to
     t : MM!Metamodel (
       contents <- s.contents
     )
 }
 
 abstract rule CopyLocatedElement {
   from
     s : MM!LocatedElement
   to
     t : MM!LocatedElement (
       location <- s.location
     )
 }
 
 rule CopyStructuralFeature extends CopyTypedElement {
   from
     s : MM!StructuralFeature
   to
     t : MM!StructuralFeature (
       subsetOf <- s.subsetOf,
       derivedFrom <- s.derivedFrom
     )
 }

Rules usage

Here are three types of declarative rules:

  • Matched rules are applied once for each match. A given set of elements may only be matched by one standard rule,
  • Lazy rules are applied as many times for each match as it is referred to from other rules (possibly never for some matches).
  • Unique lazy rules are applied at most once for each match, and only if it is referred to from other rules.

The following table summarizes their differences with respect to the number of time they are applied.

Kind of rule Number of references to source pattern Number of times the target pattern gets created Kind of traceability link created
standard 0 1 default or not (using keyword nodefault)
1 1
n > 1 1
lazy 0 0 Not default
1 1
n > 1 n
unique lazy 0 0 Not default
1 1
n > 1 1

In addition, imperative rules may also be used.

Here are a few guidelines about which rules and constructs to use. They may be summarized as: "Make your transformation as complex as necessary but as simple as possible".

  • Prefer declarative over imperative: only use imperative constructs for the part of a transformation that needs it if it even does.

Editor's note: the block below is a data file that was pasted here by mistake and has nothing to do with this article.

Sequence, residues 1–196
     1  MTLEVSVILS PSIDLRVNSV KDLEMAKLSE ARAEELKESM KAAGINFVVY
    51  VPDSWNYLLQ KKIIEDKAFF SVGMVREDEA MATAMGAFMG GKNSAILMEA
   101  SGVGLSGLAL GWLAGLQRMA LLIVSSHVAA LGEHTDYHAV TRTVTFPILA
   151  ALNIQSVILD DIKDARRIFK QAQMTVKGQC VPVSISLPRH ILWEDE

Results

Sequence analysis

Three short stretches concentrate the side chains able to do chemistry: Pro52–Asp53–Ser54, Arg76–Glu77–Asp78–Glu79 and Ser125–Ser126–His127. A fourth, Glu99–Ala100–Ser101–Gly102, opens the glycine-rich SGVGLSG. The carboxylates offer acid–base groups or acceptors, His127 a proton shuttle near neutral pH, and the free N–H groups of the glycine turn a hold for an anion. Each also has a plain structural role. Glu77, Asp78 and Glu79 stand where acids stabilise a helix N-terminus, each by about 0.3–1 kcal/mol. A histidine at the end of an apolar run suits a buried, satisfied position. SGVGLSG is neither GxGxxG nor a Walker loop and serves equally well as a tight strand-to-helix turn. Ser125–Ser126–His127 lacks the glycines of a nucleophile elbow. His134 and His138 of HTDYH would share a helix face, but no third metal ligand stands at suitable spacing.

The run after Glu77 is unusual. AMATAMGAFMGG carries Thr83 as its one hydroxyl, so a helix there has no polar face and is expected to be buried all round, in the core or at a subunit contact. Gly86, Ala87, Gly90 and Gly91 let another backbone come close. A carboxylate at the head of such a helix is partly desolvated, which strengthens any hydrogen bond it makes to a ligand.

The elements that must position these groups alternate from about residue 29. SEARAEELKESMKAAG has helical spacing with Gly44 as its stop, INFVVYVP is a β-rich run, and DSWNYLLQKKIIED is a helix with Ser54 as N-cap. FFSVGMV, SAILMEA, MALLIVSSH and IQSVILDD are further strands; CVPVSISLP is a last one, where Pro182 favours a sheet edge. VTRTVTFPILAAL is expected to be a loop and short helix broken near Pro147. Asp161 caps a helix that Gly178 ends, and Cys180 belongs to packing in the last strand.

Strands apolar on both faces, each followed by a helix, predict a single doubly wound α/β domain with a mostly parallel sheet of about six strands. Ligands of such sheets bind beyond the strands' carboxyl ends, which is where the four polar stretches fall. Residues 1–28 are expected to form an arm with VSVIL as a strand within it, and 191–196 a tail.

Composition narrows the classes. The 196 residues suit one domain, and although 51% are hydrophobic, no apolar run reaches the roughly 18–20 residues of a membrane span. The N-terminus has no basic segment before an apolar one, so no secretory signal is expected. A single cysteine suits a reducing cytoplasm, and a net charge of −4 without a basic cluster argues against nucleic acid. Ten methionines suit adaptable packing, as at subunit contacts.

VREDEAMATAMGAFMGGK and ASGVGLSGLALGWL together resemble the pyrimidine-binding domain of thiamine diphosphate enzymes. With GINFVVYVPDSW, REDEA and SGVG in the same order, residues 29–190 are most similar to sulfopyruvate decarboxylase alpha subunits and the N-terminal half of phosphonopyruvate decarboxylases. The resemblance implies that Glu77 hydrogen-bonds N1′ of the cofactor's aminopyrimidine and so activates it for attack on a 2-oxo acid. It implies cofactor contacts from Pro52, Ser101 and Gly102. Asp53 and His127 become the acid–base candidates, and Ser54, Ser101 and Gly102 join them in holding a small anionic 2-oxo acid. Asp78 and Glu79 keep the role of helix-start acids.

• Prefer simpler constructs over more complex ones:
    • Use standard rules when possible, otherwise use unique lazy rules, and use lazy rules only if necessary.
    • Only use resolveTemp if necessary.
    • Prefer iterators (e.g., select, collect) over iterate.

ATL Queries

Besides module units, ATL enables developers to define queries on model. A query unit accepts a number of source models and produces a single return value of any supported primitive data type. A query unit is composed a single query element along with a number of helpers and attributes that may be defined in the context of either the ATL module or any model element defined within the query source models. Note that an ATL query unit must start with the declaration of its query element. The specification of this query element has to conform to the following syntax:

query query_name = exp;

There is no constraint on the naming of the query element. However, it is advised to give the query element the same name that the file in which it is defined.

The body of the query element (exp) is an OCL expression of any of the supported primitive data types: string, boolean, integer or real. Helpers and attributes defined in the query file (as well as those that belong to imported ATL libraries) can be called in the scope of the body of the query element.